Asian population outpaces whites in Alameda and Santa Clara counties

Pedestrians in Oakland's Chinatown battle the wind and rain as they cross at Franklin and 9th streets on Feb. 6, 2015. The Asian population in Alameda County, where Oakland is located, has surpassed the white population, census data show.
(Laura A. Oda / Associated Press)

The Asian population now outnumbers the white population in two Northern California counties, according to the latest census data.

The 2018 numbers released Thursday show that while the overall population continued to increase in California, albeit slowly, the white population declined in Santa Clara County as the Asian population increased from 2014 to 2018. A similar trend started in Alameda County in 2015, according to census numbers.

The difference in Alameda, which includes Oakland, is slight. Not including Native Hawaiians and other Pacific Islanders (which the Census breaks out separately from the Asian count) or the Hispanic population (which the Census includes in its white population category), 40.07% of the county’s makeup is Asian, while 40.04% is white. In Santa Clara, which includes San Jose, the difference is greater, with 50.41% Asian compared with 41.57% white.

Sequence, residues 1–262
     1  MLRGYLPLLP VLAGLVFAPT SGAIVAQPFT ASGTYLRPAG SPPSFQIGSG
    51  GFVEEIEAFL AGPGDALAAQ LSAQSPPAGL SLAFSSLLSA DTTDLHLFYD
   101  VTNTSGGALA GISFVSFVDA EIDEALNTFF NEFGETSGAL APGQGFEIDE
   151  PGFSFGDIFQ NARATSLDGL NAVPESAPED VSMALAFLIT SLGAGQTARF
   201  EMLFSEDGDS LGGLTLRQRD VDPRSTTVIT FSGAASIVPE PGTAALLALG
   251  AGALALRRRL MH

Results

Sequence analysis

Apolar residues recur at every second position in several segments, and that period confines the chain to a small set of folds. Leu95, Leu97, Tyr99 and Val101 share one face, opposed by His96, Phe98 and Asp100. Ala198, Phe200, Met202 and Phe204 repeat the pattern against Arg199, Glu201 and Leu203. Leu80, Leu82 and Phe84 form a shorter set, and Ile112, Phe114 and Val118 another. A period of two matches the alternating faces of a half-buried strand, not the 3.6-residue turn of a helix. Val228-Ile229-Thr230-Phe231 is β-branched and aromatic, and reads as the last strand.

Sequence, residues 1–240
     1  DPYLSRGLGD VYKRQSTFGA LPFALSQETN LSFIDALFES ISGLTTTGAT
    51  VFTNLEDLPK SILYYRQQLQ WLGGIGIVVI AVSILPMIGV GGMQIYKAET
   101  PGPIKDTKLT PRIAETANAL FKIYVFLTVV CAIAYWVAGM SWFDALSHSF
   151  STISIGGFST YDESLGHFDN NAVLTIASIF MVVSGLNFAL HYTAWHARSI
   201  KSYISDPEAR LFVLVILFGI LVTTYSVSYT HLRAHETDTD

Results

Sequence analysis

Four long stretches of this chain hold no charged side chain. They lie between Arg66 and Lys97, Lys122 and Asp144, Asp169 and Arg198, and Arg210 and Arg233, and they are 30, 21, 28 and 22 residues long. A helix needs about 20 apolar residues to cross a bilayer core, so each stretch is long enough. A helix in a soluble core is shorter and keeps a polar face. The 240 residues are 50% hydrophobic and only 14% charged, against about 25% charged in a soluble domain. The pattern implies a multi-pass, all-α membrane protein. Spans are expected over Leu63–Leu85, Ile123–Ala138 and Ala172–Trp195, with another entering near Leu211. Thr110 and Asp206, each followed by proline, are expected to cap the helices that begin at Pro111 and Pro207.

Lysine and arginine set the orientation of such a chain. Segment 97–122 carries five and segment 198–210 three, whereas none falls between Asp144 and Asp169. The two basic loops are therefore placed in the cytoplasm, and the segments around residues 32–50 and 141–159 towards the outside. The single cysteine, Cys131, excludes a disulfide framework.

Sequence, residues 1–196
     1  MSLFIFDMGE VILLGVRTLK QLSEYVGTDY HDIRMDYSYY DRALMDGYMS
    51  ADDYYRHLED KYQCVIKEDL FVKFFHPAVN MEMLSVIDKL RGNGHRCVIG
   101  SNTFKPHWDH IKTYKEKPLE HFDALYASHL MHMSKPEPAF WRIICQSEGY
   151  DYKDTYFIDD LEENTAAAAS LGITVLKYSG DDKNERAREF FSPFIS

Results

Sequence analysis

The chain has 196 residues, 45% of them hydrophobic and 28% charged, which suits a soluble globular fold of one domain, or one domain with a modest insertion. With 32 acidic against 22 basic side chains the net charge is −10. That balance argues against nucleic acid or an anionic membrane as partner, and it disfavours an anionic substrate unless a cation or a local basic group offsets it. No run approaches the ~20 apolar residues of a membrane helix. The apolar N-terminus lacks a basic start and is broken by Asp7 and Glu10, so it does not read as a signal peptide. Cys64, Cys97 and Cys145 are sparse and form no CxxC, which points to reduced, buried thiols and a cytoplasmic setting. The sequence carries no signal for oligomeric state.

California, where roughly 6.9 million Asians reside, is the only state with an Asian population of more than 5 million. Los Angeles County has the greatest Asian population size in the U.S., at more than 1.5 million.

According to a 2018 study from the organization Asian Americans Advancing Justice-Los Angeles, the population of Asians surpassed whites in San Gabriel Valley.

The census data include people who identify as being two or more races.

Aging is a major factor in population counts. In California, and throughout the country, the senior population is growing at a faster rate than any other demographic.

“The nation is aging — more than four out of every five counties were older in 2018 than in 2010. This aging is driven in large part by baby boomers crossing over the 65-year-old mark. Now, half of the U.S. population is over the age of 38.2,” said Luke Rogers, the Chief of the Population Estimates Branch at the Census Bureau. “Along with this general aging trend, we also see variation among race and ethnicity groups both in growth patterns and aging.”

Times staff writer Ben Welsh contributed to this report.